“Free college.” Who would object to the idea of giving aspiring scholars a free ride? But as higher education programs are being unveiled in many states across the country, it’s worth asking: What do these programs actually entail?
Currently 16 states administer no-cost college plans based on the “Promise Program” model, a much-lauded initiative in Tennessee launched under the Obama administration. Students can qualify for tuition-free or debt-free financing for a degree program at a state institution (usually the equivalent of two-year community college with the option of transferring to a four-year program). The idea is to remove the burden of post-graduation student debt by covering through a combination of subsidies and grants, nearly all basic tuition and programming fees. Unlike partial scholarships or grants for top students, the program is designed to take care of most or all basic costs and to offer widespread access, akin to regular K-12 education.
This is, of course, a breakthrough in a deeply corporatized, financially unsustainable higher-education system. But researchers at the Century Foundation (TCF) warn of speed bumps in this seemingly righteous quest for free degrees. Although state policy-makers market “community college for all” as the most flexible way to boost the skilled and professional workforce with affordable bachelor’s and associate’s credentials, researchers note that the system “targets aid awards to a population (community college students) that tends to be lower-income and need the support the most.”
So the big promise often comes with reams of fine print: It might include strictly limited income-eligibility criteria and academic-performance standards, or completion or programming requirements that are out of sync with struggling students’ economic capacities.
Often programs require students to be enrolled full-time, which is unrealistic for many low-wage working parents and older students who have no independent source of financial support. Eleven of the 16 programs evaluated were open only to recent high-school graduates—which might automatically exclude people in extreme poverty, the formerly incarcerated, workers with GED qualifications, or recent and undocumented immigrants. Another problem is that if only tuition fees are covered, students would strain to cover additional cost burdens like books, housing, and food (it’s not uncommon on many campuses for undergraduates to be literally going hungry.)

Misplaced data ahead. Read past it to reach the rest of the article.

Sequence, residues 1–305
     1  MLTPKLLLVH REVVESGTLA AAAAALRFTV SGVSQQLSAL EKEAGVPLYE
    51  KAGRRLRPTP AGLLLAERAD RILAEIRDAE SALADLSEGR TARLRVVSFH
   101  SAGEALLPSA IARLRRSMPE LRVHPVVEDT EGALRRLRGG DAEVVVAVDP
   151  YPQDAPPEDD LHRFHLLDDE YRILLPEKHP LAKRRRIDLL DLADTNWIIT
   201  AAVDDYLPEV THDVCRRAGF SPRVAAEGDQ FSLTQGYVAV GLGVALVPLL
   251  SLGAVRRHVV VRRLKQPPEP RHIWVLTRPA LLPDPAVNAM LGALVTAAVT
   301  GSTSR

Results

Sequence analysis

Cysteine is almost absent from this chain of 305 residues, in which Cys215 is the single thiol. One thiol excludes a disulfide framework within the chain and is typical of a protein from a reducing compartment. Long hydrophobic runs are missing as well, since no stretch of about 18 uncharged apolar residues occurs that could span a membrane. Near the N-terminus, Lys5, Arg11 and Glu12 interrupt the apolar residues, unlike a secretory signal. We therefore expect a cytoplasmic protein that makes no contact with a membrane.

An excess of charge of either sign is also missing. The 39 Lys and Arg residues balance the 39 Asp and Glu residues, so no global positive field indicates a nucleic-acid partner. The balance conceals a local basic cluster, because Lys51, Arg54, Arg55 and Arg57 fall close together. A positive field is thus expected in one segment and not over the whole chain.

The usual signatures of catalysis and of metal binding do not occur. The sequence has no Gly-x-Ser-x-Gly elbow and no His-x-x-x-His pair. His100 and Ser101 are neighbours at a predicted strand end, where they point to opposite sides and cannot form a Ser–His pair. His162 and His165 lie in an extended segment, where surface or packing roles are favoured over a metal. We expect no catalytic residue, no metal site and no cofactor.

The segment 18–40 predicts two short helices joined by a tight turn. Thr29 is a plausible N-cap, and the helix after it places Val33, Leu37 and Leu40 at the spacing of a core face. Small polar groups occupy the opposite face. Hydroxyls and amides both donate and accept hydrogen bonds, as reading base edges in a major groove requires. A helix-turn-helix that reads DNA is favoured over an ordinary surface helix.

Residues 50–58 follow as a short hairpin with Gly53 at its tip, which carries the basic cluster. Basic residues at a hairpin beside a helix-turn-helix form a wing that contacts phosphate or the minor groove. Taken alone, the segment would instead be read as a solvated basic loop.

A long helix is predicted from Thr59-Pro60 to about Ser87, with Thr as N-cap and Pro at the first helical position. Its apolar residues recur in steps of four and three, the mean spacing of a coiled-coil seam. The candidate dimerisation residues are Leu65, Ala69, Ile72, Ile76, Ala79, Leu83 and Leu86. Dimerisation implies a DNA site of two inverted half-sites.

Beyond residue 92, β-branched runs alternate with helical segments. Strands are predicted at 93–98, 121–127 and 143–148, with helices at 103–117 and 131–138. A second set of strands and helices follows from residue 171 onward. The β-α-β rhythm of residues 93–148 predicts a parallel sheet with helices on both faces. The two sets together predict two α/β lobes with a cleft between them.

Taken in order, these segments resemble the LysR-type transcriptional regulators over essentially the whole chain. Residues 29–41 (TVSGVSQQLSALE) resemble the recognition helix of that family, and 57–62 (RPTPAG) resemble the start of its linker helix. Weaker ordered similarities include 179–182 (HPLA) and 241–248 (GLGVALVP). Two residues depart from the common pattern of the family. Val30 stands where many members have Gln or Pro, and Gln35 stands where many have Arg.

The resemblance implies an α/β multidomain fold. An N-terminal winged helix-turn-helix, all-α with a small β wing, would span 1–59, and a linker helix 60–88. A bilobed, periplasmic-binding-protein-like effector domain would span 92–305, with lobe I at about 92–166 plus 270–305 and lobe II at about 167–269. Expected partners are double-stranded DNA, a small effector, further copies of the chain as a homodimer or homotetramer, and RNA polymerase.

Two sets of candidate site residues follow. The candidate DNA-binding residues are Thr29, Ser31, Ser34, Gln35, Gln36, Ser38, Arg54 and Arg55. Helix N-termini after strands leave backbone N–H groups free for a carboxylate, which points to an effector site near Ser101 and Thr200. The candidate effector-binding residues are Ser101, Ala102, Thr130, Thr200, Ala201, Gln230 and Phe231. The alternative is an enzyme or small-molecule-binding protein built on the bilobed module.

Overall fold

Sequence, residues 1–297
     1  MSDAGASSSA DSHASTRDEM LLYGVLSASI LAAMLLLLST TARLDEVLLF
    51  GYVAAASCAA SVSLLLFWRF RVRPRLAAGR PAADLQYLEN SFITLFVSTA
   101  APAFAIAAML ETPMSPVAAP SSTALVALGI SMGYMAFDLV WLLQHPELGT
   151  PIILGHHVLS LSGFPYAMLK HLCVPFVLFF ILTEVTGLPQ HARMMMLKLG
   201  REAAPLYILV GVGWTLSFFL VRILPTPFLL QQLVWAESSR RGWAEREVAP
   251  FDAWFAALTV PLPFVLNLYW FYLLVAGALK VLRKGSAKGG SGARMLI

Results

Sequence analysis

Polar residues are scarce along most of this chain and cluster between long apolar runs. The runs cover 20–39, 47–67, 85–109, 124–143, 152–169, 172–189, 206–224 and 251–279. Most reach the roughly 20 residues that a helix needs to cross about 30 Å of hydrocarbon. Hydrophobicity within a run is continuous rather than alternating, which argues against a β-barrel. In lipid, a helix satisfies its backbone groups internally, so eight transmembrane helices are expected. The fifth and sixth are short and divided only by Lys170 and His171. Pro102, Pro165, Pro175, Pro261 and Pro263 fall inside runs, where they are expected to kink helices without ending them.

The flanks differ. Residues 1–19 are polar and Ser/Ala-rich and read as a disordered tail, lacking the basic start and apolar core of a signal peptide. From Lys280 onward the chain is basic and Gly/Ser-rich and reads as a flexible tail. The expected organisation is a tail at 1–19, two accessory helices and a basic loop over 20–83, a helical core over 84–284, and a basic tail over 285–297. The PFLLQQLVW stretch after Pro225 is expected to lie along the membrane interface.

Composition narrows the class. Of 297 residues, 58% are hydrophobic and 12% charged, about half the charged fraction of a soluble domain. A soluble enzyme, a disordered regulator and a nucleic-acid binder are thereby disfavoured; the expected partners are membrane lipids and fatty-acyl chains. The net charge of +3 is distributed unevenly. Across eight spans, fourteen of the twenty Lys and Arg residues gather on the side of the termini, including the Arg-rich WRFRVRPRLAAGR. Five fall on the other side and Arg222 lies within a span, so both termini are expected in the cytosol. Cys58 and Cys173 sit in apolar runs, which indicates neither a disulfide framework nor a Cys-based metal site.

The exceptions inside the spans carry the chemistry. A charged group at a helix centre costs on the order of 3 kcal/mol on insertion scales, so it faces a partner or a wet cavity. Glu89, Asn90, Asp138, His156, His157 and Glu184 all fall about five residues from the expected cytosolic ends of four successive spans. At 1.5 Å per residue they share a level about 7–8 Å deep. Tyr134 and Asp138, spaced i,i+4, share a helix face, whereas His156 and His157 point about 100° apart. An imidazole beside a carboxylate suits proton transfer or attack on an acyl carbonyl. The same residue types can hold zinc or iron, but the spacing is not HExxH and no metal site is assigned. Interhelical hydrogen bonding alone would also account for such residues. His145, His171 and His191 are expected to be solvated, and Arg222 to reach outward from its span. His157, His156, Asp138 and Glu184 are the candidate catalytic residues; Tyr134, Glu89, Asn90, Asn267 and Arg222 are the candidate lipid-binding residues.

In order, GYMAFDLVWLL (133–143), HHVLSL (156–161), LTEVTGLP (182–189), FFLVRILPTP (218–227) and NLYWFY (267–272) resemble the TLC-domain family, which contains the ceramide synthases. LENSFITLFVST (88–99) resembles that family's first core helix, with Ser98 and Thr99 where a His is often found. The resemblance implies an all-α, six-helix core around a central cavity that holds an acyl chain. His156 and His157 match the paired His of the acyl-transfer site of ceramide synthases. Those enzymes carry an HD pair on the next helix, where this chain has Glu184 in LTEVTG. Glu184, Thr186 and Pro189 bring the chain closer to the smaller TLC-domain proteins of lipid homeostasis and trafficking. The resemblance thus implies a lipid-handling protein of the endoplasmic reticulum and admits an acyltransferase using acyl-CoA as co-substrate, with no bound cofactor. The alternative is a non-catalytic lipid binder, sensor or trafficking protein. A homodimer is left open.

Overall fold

Merit-based or geographical requirements could pose indirect racial, age, or economic barriers. How does a homeless student or an older foster-care youth qualify for a free community-college program that requires years of local residency post-graduation? What about the commuter student forced to move to escape an abusive spouse? One study observed that the interlocking hardships weighing down impoverished communities of color—including “housing quality failures, landlord practices, neighborhood violence, and domestic conflict”—can be barriers to committing to a full degree program, and constrain a student’s long-term housing mobility. The vulnerabilities of chronic deprivation are hard to explain on a college application.
One potential unexpected result of unstable financing, either on the part of the government or the individual student, might be steering students toward lower-level degrees, as a cheaper, faster diploma option.